Ukraine has a good base of strong men and women that are willing to step up and defend their country. They don’t have the resources to do it. President Zelensky told me of a number of brigades — I won’t quote the number, but a number of brigades — that have men but no equipment. They’re taking 10 Russian shells to every one that they can return. And if they don’t receive equipment and ammunition soon, their democracy will crumble.

The stories of the inhumaneness that’s taken place over there — it’s very brutal and horrendous. And the United States has always stood for freedom and liberty and justice. And it would be a travesty for us to take a back seat and allow that to happen. What I think that I see taking place in Ukraine right now is very much what took place prior to World War II.

Was there a specific story that really stood out to you?

In the village of Bucha, 136 elderly people, women and children were crammed into a very small basement of a school. It was dark, dank, moldy, musty, nasty. And they were forced to live there for 27 days. People were dying. They were piling bodies in the corner.

I had the opportunity to stand in that corner and visualize dead, decaying bodies. And one story that stuck out in particular was where a woman said there was a 7-year-old child in that basement that was clearly dying. He was about to be among the deceased. He was sick. He was feverish. He was suffocating. He was panicking. The prisoners in that basement went upstairs pounding on the door and gotten the attention of the Russian soldiers and the one that came to the door’s reply was: “Let him die. This is war.”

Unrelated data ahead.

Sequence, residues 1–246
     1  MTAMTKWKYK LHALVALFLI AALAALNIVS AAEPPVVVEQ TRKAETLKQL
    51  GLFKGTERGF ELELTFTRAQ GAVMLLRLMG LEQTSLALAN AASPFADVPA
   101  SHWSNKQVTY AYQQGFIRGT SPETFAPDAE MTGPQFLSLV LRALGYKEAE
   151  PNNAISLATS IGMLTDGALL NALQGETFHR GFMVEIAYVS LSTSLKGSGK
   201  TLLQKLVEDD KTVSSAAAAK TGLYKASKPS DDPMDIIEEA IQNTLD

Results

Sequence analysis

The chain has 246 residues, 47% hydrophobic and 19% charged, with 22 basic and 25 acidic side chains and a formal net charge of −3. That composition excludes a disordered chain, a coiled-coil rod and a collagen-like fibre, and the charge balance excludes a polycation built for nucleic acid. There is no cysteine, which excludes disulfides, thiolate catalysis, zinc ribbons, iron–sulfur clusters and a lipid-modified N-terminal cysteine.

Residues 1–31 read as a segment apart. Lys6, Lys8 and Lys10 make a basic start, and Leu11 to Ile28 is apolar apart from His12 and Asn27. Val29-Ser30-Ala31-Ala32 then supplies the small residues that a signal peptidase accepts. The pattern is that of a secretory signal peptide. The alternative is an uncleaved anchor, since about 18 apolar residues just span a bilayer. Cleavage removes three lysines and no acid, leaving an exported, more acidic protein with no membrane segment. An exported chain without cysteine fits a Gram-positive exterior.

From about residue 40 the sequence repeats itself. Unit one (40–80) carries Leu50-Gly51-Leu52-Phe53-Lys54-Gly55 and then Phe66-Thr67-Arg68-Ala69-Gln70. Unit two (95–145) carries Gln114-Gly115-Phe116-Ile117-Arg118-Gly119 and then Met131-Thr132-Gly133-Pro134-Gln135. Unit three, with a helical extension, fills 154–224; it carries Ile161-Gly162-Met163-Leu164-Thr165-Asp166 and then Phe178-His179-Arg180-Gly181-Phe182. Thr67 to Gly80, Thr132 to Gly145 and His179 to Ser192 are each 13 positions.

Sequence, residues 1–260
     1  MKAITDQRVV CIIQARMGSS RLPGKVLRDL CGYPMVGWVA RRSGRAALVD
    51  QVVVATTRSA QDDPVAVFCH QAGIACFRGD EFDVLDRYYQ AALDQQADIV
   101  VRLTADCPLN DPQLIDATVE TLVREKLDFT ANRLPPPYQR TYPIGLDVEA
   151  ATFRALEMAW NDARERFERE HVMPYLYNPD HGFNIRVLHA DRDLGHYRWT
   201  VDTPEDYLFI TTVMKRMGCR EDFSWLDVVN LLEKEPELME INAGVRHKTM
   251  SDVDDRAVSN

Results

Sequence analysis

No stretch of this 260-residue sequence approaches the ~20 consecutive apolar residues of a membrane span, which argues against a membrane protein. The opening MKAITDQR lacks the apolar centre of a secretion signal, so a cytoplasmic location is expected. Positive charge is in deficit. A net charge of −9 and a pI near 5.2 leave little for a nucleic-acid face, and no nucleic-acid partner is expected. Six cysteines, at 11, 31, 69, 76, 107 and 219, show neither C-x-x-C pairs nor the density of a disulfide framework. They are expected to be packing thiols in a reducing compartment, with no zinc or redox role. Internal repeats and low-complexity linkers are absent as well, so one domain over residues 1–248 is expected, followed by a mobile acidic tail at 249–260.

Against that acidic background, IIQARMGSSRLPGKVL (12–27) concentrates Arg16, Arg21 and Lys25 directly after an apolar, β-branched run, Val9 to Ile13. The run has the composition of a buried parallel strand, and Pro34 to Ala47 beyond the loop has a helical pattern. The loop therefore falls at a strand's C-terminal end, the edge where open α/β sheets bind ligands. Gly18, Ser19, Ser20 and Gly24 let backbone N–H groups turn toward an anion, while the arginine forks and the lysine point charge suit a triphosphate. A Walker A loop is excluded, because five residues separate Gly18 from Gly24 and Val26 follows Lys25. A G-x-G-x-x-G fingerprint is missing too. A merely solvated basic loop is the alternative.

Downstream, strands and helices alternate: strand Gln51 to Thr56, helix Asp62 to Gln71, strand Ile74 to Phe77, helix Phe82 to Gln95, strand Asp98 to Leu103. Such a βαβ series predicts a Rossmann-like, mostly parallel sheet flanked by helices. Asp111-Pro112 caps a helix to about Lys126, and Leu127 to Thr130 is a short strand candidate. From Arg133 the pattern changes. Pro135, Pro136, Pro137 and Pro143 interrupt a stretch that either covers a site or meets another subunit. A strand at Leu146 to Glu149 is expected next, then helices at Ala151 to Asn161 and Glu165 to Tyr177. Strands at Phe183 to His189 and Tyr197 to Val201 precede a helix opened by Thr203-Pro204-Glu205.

I think that that statement alone illustrates the cruelty of what’s taking place now and why Putin must be stopped. And he’s made it clear he’s not going to stop at Ukraine.

His intent is very clear, and the world’s watching. Our enemies are watching. They’ve watched the horrendous withdrawal from Afghanistan. They watched the Biden White House sit on its heels and allow this invasion of Ukraine to take place. China is certainly watching to see how we will respond. North Korea is watching. America has the opportunity right now to show that we still are a superpower. That we’re not going to allow bullies to pick on those folks in the world that cannot defend themselves.

There have been questions as to whether Speaker Johnson was even going to allow Ukraine aid to receive a vote in the House. Did you have a message to President Zelensky about what the House was likely to do?